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The show must go on
18 April 2017
Tom Powell provides an insight into how Manchester City Council has implemented a business continuity plan to prepare for a possible catastrophe
ALTHOUGH I am not responsible for civil contingency across Manchester, I do lead our business-continuity response, which plays a vital role in our civil-contingency agenda. The 1948 civil-contingency legislation guided the UK for decades, but it was not suitable for a modern-day catastrophe situation, hence the introduction of the Civil Contingencies Act 2004. This legislation now covers statutory duties, such as assessing risks, emergency planning, business-continuity planning, warn and inform, cooperating and sharing of information. It also defined category 1 (blue-light emergency services) and category 2 (the Health and Safety Executive, transport and utility companies, etc.) responders for the first time.
From a local-authority perspective, the Act has given us a responsibility for business continuity and business resilience in schools and businesses in the wider community. It’s a huge ask to support a city of half a million people with business-continuity plans, considering our diminishing resources. Our responsibilities include civic leadership around civil contingencies, which means we lead by consent and direct, if needed, but critically, it’s about making the best use of our skills. For example, Manchester City Council people may not be the most useful to arrive first at the scene when a major incident has taken place, so in such situations it’s key that we work closely with the emergency services to help coordinate the response and provide leadership.
We do have a response mechanism, which includes providing forward incident officers and a commander-control structure. This ensures that, in the event of a major incident, we have eyes on the ground and colleagues in the community on the scene, whether it is a gas explosion in a house, or a flooding incident. Our forward incident officers are often first on the scene, which allows us to provide quick and effective response and communication to coordinate an incident.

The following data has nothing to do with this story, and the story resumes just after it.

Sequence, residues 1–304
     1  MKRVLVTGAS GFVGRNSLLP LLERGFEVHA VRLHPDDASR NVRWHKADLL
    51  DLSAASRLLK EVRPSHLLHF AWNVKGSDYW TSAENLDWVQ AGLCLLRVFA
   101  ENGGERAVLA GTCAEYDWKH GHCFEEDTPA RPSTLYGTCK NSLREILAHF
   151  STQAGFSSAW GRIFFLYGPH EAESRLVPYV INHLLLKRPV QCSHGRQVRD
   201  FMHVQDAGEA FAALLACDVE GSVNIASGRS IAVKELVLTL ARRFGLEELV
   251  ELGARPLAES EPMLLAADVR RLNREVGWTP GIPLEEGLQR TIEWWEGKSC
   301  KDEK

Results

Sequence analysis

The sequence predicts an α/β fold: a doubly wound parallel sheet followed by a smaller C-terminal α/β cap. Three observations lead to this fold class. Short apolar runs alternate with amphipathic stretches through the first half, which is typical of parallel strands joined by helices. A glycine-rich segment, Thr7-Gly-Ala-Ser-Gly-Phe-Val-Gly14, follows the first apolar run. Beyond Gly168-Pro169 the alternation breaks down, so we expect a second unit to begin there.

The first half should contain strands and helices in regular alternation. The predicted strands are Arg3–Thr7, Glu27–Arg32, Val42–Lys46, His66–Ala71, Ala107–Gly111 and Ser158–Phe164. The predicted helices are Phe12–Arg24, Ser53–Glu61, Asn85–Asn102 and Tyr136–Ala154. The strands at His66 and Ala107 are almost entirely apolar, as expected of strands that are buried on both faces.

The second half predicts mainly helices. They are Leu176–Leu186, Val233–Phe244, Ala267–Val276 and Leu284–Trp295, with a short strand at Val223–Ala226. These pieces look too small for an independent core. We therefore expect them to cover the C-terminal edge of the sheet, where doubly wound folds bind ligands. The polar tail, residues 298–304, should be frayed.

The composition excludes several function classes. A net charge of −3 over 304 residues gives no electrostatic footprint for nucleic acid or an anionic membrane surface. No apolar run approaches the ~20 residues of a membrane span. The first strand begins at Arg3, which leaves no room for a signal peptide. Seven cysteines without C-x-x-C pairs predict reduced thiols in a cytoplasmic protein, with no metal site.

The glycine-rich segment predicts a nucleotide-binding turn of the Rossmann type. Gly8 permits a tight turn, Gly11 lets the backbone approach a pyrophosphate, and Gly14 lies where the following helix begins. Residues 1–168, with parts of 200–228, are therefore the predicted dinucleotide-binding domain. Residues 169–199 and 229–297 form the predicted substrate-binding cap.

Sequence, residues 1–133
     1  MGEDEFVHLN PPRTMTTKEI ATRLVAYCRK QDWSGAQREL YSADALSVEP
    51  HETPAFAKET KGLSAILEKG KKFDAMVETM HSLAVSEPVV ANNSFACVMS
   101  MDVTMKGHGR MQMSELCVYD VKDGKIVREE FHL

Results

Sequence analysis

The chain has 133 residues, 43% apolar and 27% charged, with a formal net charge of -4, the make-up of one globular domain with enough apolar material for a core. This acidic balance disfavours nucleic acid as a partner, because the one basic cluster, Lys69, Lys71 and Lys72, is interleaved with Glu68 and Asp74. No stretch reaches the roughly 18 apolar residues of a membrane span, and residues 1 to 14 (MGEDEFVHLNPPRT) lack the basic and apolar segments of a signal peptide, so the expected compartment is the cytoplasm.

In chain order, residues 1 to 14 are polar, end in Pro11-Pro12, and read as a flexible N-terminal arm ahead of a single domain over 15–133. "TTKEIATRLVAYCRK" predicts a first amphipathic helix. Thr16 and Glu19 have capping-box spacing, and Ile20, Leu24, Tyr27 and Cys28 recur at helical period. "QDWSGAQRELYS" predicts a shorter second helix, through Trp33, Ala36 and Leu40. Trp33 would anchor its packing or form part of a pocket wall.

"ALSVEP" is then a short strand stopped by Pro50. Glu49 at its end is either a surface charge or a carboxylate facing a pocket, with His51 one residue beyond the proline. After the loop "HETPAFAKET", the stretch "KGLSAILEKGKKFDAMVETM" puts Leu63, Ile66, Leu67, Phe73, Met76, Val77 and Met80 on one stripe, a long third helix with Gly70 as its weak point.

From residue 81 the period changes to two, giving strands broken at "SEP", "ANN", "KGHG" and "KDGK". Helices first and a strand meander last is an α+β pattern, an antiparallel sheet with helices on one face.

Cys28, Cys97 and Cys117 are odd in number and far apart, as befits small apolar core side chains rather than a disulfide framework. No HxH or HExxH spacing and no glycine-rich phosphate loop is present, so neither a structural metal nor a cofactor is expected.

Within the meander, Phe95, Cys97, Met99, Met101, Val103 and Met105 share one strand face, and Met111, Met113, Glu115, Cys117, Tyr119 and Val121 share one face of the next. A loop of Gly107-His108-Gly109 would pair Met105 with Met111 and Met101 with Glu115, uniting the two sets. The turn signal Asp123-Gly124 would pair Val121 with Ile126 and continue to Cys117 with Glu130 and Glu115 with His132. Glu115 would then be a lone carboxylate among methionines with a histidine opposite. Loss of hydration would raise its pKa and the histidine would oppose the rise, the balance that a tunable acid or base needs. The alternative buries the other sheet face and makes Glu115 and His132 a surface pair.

The Council has officers on call 24/7 to coordinate requests for support for such incidents as:
- Severe weather (snow, extreme rainfall, heatwave);
- Fires and explosions (industrial accidents);
- Human diseases (flu pandemic);
- Animal diseases (foot-and-mouth disease/avian influenza);
- Accidents (train or plane crash, fires, gas explosions); and
- Terrorist attacks.
Our external command structure is led by a multi-agency strategic coordinating group, which sits above the multi-agency coordinating group and forward control. Our internal command structure is headed by the incident management team, which oversees the emergency control centre and delivery of services. In terms of civil contingencies, we need to provide means to evacuate and care for people, overnight accommodation, humanitarian assistance, emergency road closures and diversions, provision of emergency transport, emergency mortuaries, site clearance and protection from dangerous buildings, and incidents within schools.
Learning from disasters
We’ve learned a lot from the Manchester bombing in 1996, especially in terms of recovery, which isn’t just about infrastructure but also the psychological and economic impacts of a major incident. This area is led by our recovery working group, which aims to address the enduring consequences, such as damage to residential properties/security issues and how the population mentally and emotionally comes to terms with deaths or displacement caused by the incident. There can also be major disruption to everyday life, with possible suspension of transport links or utilities and, of course, pollution or contamination of the affected area. All of this has a direct impact on economic and business recovery as, in the vast majority of cases following a major incident, businesses do not re-open and that directly affects employment levels and the economy.
Our civil-contingency response is to ‘risk plan do check act’ (RPDCA), which means we determine what the risks are and plan around them. We can then prepare to try to prevent these incidents from taking place, but that’s not always possible. We can, however, prepare to mitigate risks by, for example, installing flood defences, or not building key council buildings by rivers or flood plains – a lesson we’ve learned the hard way! Checking plans by running through them is essential to business-continuity planning. It can be laborious but one of our key successes in Manchester has been checking our processes to ensure they are fit for purpose. The final stage is to be prepared to act in the event of a major incident, which is always the worst-case scenario. But the correct preparation will help us respond quickly, decisively and effectively.